Why is ice melting rapidly in Greenland?

Climate change experts have been speaking about the dangers posed by melting ice for some time now. A new study has now helped uncover a previously unseen way in which the ice and ocean interact. And the bad news? Based on their findings, the glaciologists suggest that even the climate change community has been vastly underestimating the extent of future sea-level rise that polar ice deterioration would cause.

Researchers at the University of California, Irvine and NASA’s Jet Propulsion Laboratory conducted a study of Petermann Glacier in north-west Greenland to come up with these findings.

Their results form the subject of a paper published in Proceedings of the National Academy of Sciences in May.

What is a grounding line?

A glacier’s grounding line corresponds to the place where ice detaches from the land bed and begins floating in the ocean. Based on satellite radar data from three European missions, the team of researchers learned that Petermann Glacier’s grounding line shifts considerably during tidal cycles. This, in effect, allows warm seawater to intrude and melt ice at an accelerated rate.

For ocean-reaching glaciers, the traditional view of grounding lines was that they did not migrate during tidal cycles and did not experience ice melt. This new study replaces that thinking with the newly gained knowledge. Warm ocean water intrudes beneath the ice and the melting rate is highest at the grounding zone.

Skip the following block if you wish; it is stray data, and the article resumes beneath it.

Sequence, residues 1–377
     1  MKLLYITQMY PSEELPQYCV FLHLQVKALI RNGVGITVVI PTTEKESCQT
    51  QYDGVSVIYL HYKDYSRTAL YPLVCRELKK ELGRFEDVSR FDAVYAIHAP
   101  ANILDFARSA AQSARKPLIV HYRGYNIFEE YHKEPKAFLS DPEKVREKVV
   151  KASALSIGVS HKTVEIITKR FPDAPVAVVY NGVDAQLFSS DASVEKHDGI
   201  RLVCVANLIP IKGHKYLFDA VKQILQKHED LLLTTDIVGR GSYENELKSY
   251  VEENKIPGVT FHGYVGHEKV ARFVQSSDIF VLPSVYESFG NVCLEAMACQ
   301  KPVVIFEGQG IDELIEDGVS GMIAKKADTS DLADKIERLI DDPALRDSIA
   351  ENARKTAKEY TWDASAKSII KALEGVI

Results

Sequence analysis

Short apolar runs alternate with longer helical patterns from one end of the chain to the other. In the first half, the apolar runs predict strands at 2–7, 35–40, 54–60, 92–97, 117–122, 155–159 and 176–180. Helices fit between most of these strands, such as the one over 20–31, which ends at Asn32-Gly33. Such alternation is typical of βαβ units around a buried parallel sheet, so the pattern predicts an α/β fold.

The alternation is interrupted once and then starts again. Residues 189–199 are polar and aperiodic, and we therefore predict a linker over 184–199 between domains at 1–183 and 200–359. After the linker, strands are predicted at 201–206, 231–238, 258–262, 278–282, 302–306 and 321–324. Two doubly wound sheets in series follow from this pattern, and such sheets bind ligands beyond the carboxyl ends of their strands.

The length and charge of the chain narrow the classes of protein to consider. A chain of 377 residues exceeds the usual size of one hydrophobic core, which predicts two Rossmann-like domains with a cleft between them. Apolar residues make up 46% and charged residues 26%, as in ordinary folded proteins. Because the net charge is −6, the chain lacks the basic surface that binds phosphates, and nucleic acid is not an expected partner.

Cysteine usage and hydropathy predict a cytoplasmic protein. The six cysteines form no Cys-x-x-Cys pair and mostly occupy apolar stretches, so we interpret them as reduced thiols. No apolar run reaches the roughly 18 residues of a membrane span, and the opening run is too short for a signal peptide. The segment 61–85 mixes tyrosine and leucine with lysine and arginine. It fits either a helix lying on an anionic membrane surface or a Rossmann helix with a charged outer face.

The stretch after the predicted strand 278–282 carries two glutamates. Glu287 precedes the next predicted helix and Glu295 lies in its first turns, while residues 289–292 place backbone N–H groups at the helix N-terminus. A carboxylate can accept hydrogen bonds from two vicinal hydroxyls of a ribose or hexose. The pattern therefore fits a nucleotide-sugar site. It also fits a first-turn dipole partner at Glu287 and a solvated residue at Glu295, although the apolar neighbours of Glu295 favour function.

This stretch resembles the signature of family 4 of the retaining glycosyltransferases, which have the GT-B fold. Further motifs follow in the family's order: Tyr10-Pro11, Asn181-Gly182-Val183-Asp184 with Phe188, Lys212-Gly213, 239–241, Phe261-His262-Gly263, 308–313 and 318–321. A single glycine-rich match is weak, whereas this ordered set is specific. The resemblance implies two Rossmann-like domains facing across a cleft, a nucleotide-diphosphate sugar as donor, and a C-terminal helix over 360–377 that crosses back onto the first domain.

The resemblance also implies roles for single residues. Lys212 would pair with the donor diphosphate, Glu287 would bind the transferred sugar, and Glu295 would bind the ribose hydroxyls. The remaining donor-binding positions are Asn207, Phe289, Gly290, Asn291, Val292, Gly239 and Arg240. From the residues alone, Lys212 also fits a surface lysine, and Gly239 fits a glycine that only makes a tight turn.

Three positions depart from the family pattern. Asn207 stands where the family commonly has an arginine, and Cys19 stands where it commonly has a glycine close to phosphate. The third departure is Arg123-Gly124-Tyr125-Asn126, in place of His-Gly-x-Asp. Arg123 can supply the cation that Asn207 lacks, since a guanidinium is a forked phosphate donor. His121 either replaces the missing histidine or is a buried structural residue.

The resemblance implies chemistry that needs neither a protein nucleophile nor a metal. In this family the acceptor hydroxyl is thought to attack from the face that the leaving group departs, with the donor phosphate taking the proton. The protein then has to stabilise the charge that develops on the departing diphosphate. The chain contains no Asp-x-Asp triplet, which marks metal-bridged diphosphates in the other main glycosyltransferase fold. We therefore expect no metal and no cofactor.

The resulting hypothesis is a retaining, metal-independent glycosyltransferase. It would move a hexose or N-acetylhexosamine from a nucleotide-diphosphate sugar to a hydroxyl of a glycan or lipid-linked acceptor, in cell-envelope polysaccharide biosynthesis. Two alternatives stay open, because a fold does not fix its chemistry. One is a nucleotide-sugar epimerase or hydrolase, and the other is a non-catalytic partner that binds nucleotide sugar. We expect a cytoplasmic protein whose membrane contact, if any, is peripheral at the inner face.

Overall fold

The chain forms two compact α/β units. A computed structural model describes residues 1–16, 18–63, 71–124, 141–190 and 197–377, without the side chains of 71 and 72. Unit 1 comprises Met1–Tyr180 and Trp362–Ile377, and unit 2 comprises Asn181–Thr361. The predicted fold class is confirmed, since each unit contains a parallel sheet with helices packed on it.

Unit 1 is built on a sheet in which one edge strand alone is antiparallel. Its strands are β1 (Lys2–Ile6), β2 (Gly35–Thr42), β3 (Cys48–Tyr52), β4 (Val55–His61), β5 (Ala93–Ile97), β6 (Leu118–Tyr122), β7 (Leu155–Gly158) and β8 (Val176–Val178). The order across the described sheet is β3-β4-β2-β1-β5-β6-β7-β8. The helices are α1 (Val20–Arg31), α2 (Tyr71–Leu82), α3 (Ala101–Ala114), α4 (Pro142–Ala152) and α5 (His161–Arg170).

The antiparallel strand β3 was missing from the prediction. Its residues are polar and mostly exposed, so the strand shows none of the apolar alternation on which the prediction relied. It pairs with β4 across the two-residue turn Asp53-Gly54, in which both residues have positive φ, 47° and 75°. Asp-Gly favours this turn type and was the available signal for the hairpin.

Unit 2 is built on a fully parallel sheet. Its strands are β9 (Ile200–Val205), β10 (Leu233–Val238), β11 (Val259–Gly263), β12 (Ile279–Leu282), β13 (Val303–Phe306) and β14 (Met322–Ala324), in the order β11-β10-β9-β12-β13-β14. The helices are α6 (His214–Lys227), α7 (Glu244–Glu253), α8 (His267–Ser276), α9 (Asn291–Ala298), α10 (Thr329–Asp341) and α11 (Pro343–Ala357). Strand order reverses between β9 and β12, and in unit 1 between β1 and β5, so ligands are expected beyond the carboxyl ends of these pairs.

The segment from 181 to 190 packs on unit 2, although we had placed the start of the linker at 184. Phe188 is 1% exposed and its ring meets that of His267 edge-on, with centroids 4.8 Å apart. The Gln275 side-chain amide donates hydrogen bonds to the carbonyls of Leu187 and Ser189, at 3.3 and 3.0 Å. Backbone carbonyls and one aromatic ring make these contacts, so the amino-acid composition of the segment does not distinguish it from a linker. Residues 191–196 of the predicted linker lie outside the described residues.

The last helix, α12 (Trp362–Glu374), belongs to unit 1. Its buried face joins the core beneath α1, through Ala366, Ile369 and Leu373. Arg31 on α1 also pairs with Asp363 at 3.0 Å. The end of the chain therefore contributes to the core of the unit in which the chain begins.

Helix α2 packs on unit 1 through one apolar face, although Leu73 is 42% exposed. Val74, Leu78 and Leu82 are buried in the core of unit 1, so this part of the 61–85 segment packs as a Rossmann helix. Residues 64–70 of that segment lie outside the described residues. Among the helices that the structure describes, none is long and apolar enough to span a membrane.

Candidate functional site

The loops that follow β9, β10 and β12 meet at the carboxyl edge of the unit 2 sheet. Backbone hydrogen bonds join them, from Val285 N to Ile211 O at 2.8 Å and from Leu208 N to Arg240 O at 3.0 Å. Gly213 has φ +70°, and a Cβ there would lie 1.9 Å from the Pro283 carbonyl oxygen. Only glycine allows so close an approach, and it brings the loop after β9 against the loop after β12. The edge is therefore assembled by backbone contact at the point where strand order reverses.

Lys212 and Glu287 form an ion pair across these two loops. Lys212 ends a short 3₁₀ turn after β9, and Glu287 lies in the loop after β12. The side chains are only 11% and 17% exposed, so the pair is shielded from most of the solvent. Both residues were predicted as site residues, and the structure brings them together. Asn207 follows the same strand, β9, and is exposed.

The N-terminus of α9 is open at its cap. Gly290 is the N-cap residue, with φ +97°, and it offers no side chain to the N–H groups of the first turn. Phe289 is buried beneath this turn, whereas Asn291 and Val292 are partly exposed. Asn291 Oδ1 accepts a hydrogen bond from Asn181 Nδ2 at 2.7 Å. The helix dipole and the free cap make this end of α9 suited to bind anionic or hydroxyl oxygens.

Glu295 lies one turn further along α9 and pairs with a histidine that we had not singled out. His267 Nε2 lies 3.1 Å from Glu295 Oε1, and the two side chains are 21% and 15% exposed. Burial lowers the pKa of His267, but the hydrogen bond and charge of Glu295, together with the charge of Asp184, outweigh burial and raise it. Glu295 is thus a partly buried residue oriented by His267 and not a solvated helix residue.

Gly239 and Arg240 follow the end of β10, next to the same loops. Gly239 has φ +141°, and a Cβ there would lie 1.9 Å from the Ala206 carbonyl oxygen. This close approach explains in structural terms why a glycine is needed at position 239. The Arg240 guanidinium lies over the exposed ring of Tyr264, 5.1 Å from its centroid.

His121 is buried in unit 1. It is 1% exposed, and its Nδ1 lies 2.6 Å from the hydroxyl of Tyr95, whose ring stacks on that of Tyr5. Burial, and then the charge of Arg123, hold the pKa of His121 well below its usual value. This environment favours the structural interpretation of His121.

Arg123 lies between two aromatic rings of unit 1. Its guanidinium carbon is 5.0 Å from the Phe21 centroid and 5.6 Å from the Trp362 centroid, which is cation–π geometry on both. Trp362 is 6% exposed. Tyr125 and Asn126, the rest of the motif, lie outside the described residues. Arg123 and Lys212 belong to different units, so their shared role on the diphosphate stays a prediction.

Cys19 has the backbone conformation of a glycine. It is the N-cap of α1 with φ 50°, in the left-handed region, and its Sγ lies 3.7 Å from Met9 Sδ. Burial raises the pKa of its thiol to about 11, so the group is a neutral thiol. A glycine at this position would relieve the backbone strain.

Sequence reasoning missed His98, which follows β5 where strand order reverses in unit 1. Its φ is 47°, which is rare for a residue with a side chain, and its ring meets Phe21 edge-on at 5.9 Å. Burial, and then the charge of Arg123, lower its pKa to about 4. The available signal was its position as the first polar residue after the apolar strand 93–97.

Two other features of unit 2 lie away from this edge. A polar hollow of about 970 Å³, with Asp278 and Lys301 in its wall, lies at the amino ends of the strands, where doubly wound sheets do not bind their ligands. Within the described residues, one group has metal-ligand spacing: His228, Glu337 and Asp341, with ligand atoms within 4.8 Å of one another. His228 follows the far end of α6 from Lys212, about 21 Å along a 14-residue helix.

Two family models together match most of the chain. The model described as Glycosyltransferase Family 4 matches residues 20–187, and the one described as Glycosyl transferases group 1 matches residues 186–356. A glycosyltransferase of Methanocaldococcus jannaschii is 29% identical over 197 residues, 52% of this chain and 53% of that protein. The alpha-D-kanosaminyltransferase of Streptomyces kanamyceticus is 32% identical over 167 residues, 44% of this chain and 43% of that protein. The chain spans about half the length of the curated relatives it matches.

Between 2016 and 2022, the Petermann Glaciers grounding line has retreated nearly 4 km. A 670-foot-tall cavity in the underside of the glacier was carved out by warm water.

More sensitive to warming The researchers’ paper stresses that the Greenland ice sheet has lost billions of tonnes of ice to the ocean in the last few decades. Most of the loss of ice is caused by warming of subsurface ocean waters, which is a result of our planet’s changing climate.

According to the researchers, the ice-ocean interactions make the glaciers more sensitive to ocean warming and these dynamics have so far not been included in predictive models. If we were to include them, projections of sea level rise would increase by up to 200% for all glaciers ending in the ocean, which includes most of northern Greenland and all of Antarctica.

Picture Credit : Google 

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